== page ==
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When Alicia’s father, who lived several states away, learned that he had a 7-year-old daughter in a group home, he was immediately interested in bringing her home to live with him, but did not realize that Alicia’s DCF custody would create a great deal of legal and logistical challenges. The clinical staff at Little Heroes Home recognized the potential significance of this permanency relationship, and pushed hard to support regular passes on the weekends that Dad was able to fly up, as well as advocating that DCF appeal an initial denial of the inter-state compact.
When Alicia’s goal was finally changed from adoption to reunification, Little Heroes involved Dad in all aspects of Alicia’s treatment, including doing family therapy over the phone, providing psychoeducation, calling Dad into treatment meetings, and helping to safety plan for additional passes and ultimate discharge. All the while, the program also supported regular visits between Alicia and her biological mother. Her clinician helped Alicia process her changing familial dynamic in therapy, and the team worked hard to ensure that Alicia knew that everybody (including Dad!) recognized the importance of her emotional bond with Mom, as well, and that Alicia was not “choosing” one parent over the other.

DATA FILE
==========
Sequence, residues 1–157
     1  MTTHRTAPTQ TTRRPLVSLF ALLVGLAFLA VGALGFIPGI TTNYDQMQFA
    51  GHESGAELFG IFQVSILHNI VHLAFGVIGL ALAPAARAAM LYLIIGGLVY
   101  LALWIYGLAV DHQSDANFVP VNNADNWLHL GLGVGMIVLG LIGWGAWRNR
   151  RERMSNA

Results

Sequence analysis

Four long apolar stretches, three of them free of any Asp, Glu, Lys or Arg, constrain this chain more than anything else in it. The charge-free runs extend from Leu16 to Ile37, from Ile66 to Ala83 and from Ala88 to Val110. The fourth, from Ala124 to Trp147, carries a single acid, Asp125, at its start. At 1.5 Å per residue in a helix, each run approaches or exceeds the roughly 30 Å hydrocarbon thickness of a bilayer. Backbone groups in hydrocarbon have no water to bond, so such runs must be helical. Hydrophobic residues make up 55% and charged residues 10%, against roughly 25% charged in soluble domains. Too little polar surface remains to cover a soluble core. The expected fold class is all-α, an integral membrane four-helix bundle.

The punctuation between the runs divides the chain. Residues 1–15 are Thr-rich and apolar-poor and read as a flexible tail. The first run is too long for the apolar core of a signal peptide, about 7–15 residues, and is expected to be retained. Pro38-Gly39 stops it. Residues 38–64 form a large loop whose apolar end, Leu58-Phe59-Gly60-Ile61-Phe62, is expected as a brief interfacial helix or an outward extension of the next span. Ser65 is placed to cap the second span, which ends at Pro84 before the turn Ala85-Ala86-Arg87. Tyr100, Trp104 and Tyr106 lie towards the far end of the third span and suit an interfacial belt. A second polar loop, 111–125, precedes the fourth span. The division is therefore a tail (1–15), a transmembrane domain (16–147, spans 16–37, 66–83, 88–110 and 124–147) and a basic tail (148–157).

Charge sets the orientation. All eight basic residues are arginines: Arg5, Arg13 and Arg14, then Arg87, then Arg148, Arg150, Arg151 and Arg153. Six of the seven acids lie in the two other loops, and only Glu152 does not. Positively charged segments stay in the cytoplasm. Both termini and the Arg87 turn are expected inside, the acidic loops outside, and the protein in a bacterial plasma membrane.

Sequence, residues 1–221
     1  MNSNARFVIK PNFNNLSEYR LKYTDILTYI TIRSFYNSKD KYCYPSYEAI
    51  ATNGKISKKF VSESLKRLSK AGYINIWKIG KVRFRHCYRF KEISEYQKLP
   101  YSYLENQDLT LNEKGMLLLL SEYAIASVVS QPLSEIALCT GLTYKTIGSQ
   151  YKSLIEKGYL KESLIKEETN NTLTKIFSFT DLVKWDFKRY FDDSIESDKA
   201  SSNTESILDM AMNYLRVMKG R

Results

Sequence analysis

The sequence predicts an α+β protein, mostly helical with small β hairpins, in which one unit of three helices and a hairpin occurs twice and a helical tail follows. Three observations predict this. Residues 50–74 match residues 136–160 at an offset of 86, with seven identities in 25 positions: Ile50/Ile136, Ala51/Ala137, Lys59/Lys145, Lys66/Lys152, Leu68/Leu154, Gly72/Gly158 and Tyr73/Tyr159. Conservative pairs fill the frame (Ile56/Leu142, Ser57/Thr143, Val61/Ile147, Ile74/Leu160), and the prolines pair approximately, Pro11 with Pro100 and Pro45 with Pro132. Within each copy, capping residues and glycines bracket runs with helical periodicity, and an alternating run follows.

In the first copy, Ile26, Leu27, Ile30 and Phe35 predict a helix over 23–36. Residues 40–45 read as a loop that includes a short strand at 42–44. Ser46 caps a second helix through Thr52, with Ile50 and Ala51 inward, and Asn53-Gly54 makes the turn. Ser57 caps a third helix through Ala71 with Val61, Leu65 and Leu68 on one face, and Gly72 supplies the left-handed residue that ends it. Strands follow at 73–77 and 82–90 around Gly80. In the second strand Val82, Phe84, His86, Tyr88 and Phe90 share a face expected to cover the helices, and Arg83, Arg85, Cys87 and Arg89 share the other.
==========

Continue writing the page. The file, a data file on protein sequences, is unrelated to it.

A few weeks after Alicia left the program to go live with her father, Dad reported that she is adjusting very well to life in a new state and talks to her mom on the phone regularly.